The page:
Poetry 101: Guidance From Writing Judge Peter Balakian

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Peter Balakian discussing poetry and creative writing with Middle School students at the Red Shirt School in 2013.

Our Third Annual Writing Challenge asks you to deliver a message that will spark activism inside or outside your community, through poetry that incorporates some of your own life experiences.  We asked best-selling author and poet (and Annual LCE Writing Challenge Judge) Peter Balakian to share some of his thoughts about writing poetry. Peter will be one of the judges this year, so READ UP and get the inside scoop on what he’s looking for!

What do YOU look for in a poem?

“I look for a poem that uses strong, concrete image-language…. Good poems have fresh images; not clichés or generic and conceptual language like love, hate, sad, depressed, unjust, or outraged etc… I want the language of poetry to be concrete, and grounded in experience. The great Irish poet WB Yeats said “poems are not about anything—they embody a thing or experience.”

What is the form of a good poem?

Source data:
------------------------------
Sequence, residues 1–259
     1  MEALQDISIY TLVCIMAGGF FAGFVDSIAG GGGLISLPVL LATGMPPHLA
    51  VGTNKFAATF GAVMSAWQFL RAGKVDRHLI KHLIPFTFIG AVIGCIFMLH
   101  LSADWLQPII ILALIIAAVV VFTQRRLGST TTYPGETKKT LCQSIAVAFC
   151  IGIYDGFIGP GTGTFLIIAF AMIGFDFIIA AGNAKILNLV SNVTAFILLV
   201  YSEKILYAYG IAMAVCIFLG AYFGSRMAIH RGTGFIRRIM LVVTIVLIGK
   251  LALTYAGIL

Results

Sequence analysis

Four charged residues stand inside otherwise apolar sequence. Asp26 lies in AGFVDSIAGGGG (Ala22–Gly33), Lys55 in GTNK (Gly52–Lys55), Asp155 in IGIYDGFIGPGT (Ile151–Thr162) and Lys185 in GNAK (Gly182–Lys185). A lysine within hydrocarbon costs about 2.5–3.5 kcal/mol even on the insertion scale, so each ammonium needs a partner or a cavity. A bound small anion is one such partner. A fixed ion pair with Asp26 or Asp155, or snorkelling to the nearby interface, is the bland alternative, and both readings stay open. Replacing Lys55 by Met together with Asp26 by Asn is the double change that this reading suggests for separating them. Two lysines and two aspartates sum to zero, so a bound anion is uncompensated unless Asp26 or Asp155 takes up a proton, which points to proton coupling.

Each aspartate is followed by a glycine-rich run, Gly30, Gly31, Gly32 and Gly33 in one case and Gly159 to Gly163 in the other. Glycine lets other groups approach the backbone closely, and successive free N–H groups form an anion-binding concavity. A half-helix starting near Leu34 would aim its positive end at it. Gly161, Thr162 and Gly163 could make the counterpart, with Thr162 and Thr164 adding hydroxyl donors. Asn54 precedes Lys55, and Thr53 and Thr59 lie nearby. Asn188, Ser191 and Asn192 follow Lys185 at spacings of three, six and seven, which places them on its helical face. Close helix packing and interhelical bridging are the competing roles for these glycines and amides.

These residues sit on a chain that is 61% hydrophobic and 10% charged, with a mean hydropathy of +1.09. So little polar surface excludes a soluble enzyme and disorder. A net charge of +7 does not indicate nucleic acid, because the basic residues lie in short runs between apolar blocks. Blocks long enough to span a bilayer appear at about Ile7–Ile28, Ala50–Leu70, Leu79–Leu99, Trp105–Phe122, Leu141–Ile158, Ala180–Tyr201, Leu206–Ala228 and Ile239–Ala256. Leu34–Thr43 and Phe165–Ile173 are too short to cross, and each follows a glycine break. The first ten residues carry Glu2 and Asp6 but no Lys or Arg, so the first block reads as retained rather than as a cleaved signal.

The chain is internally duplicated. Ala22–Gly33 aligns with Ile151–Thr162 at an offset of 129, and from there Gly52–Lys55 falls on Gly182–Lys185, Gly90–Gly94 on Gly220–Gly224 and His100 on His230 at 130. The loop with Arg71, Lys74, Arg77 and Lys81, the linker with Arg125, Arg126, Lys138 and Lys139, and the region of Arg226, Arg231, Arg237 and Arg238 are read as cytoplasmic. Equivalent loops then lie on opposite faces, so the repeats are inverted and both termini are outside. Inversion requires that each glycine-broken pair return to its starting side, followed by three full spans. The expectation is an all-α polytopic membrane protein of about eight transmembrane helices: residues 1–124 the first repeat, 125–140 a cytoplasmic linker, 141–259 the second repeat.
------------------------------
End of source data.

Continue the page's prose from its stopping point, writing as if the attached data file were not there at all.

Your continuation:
“Poems are built out of lines, and the lines should have a sense of shape — long lines, mid length lines (4 and 5 stress lines) or short lines (2 and 3 stress lines)—it doesn’t matter.  The poem should not have a sloppy or inconsistent line structure—a short line then a long line for no reason; the making of lines shouldn’t be arbitrary. Stanzas also matter: poems can come in 2 line, 3 line, 4 line, or more line stanzas, or they can be prose poems in bigger blocks—it doesn’t matter what the form of the stanza is, but if the writer shows some awareness of the stanza this helps give the poem more solidity and authority. “Poems are language music—so the poem should have a voice that uses language in a way that gives off some distinct and distinctive rhythm. Sound play and word choices (assonance and consonance) all matter to the sound system of the poem.”

What characteristics of last year’s poems did you like best? 

“Last year the best poems were the ones that used animals as symbolic figures, or as totemic Lakota/Sioux images, which came from traditional forms of ritual etc. Those poems didn’t espouse ideas or simple feelings about x y or z; they embodied something; they made a reality out of Lakota culture with strong interesting images and symbols.”

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